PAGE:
to a half-dozen Iraqi police all of whom told the same story. The blue
truck turned down into the alley and immediately sped up as it made its
way through the serpentine. They all said, “We knew
immediately what
was going on as soon as the two Marines began firing.”
The
Iraqi police then related that some of them also fired, and then to a man,
ran for safety just prior to the explosion. All survived. Many were
injured, some seriously. One of the Iraqis elaborated and with tears
welling up said, “They’d run like any normal man would to save his life.”
“What he didn’t know until then,” he said, “And what he learned that
instant, was that Marines are not
normal.”
Choking
past the emotion he said, “Sir, in the name of God, no sane man would
have stood there and done what they
did.” “No sane man.” “They saved us
all.”

What we didn’t know at the time, and only learned a
couple of days later after I wrote a summary and submitted both Yale and
Haerter for posthumous Navy Crosses, was that one of our security cameras,
damaged initially in the blast, recorded some of the suicide attack. It
happened exactly as the Iraqis had described it. It took exactly six
seconds from when the truck entered the alley until it
detonated.

You can watch the last six seconds of their young lives.
Putting myself in their heads, I supposed it took about a second for the
two Marines to separately come to the same conclusion about what was going
on once the truck came into their view at the far end of the alley.
Exactly no time to talk it over, or call the sergeant to ask what they
should do. Only enough time to take half an instant and think about what
the sergeant told them to do only a few minutes before, “Let no
unauthorized
personnel or vehicles pass.” The two Marines had about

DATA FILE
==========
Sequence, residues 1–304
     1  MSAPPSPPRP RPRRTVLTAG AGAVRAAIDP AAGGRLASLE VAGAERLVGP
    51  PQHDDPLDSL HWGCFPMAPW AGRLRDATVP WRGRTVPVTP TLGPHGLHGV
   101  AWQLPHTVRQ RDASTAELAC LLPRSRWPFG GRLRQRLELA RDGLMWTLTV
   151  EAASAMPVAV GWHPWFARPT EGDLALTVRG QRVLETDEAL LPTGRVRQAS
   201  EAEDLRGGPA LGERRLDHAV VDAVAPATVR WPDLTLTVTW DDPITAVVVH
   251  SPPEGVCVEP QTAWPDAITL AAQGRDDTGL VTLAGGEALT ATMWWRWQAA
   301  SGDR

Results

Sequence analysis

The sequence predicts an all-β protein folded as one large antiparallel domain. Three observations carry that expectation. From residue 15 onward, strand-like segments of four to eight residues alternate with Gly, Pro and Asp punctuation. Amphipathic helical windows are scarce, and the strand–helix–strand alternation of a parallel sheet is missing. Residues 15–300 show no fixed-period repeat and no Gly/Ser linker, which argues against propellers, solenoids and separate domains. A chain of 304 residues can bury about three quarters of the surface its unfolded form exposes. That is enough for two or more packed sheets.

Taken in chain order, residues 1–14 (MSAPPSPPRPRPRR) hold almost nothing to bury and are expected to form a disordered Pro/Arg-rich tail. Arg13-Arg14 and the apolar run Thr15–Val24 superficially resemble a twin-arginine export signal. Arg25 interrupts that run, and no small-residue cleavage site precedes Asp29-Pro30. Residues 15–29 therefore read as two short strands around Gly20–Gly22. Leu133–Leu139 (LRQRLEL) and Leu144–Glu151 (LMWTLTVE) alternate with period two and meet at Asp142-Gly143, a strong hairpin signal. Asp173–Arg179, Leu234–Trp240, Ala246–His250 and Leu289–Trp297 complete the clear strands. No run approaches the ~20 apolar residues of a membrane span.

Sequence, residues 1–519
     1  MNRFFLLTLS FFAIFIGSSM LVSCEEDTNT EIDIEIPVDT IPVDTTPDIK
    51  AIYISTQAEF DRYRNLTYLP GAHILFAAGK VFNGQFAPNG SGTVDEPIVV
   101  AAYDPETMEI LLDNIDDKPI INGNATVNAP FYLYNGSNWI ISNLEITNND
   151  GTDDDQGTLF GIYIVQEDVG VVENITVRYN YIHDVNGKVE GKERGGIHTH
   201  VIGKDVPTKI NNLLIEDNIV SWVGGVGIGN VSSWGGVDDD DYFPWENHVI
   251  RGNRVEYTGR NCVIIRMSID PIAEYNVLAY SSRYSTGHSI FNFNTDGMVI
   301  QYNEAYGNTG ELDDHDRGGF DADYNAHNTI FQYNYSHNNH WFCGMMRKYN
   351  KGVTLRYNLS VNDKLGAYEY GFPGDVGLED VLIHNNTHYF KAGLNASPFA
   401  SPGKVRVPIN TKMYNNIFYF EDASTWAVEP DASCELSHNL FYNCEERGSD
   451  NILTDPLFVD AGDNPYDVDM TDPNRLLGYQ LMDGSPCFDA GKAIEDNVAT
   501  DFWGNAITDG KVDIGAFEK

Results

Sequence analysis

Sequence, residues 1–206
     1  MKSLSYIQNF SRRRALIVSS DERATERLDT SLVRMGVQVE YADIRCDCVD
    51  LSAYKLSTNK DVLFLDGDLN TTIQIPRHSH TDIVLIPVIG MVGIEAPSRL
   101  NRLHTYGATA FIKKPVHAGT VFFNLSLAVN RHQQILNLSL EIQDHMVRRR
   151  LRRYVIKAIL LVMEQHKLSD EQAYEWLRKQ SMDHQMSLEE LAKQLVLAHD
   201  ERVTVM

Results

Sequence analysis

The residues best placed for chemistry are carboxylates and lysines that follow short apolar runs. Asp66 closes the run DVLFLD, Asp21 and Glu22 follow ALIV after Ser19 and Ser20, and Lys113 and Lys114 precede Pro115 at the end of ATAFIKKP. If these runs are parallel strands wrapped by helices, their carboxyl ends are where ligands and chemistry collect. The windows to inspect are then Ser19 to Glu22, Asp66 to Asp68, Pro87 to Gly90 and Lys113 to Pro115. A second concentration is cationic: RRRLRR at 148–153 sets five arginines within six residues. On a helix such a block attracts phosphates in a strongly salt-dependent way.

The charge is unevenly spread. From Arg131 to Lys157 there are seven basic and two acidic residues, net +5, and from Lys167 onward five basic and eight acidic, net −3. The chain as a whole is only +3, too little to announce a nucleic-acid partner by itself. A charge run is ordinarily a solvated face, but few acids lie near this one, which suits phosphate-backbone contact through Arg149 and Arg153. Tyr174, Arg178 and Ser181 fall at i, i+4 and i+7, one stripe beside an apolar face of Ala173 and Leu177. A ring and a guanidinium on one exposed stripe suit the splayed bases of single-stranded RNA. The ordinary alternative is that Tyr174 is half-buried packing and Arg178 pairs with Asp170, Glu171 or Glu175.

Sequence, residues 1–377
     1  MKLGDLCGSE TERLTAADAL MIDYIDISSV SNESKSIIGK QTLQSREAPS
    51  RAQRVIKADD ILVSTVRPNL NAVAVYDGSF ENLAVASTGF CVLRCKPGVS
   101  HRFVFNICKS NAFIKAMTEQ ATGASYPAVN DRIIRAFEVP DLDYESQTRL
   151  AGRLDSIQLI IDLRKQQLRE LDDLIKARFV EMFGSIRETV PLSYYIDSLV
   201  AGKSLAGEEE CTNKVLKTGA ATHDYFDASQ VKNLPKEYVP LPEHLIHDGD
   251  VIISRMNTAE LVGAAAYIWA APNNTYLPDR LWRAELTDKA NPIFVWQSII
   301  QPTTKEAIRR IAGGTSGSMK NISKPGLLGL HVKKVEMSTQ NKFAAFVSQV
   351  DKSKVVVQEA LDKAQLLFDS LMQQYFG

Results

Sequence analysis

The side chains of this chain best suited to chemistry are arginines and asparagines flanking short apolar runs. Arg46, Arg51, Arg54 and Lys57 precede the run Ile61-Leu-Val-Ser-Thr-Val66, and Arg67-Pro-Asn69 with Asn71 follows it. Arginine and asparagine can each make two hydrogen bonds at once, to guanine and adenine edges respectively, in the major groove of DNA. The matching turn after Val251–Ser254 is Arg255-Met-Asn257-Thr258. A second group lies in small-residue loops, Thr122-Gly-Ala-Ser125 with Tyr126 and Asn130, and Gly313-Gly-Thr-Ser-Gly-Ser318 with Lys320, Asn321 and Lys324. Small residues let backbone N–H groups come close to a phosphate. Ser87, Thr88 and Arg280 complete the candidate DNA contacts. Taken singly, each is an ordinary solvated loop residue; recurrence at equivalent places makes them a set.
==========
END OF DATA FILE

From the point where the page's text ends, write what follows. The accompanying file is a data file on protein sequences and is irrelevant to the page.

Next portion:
five seconds left to live.

It took maybe another two seconds
for them to present their weapons, take aim, and open up. By this time the
truck was half-way through the barriers and gaining speed the whole time.
Here, the recording shows a number of Iraqi police, some of whom had fired
their AKs, now scattering like the normal and rational men they were –
some running right past the Marines.
They had
three seconds left to live.

For about two seconds more, the
recording shows the Marines’ weapons firing non-stop the truck’s
windshield exploding into shards of glass as their rounds take it apart
and tore in to the body of the ( I deleted) who is trying to get past them
to kill their brothers –
American and Iraqi-bedded down in the barracks
totally unaware of the fact that their lives at that moment depended
entirely on two Marines standing their ground.

If they had been
aware, they would have known they were safe because two Marines stood
between them and a crazed suicide bomber. The recording shows the truck
careening to a stop immediately in front of the two
Marines.
In all
of the instantaneous violence Yale and Haerter never hesitated. By all
reports and by the recording, they never stepped back. They never even
started to step aside. They never even shifted their weight. With their
feet spread shoulder width apart, they leaned into the danger, firing as
fast as they could work their weapons.
They had
only one second left to live.

The truck explodes. The camera
goes blank. Two young men go to their God. Six seconds. Not enough
time to think about their families, their country, their flag, or about
their lives or their deaths, but more than enough time for two very brave
young men to do their duty into eternity. That is the kind of people who
are on watch all over the world tonight – for you.

We Marines
believe that God gave America the greatest gift he could bestow to man
while he lived on this earth – freedom. We also believe he gave us another
gift nearly as precious – our soldiers, sailors, airmen, U. S. Customs and
Border Patrol, Coast Guardsmen, and Marines – to safeguard that gift and
guarantee no force on this earth can ever steal it
away.

It has
been my distinct honor to have been with you here today. Rest assured our
America, this experiment in democracy started over two centuries ago, will
forever remain the “land of the free and home of the brave” so long as we
never run out of tough young Americans who are willing to look beyond
their own self-interest and comfortable lives, and go into the darkest and
most dangerous places on earth to hunt down, and kill, those who would do
us harm.

God Bless America , and SEMPER FIDELIS !”

HT to bidmanone@aol.com

About Ray V.

Living between Aiken & Nashville, TN, USA, I like to share what I am looking at, thinking about or listening to. I refer to this as the view out my window. Thanks for stopping by.
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2 Responses to Six Seconds

  1. I have tears rolling down my cheeks. Thanks for sharing.

    Like

  2. Brittius says:

    Reblogged this on Brittius.com and commented:
    Semper Fi.

    Like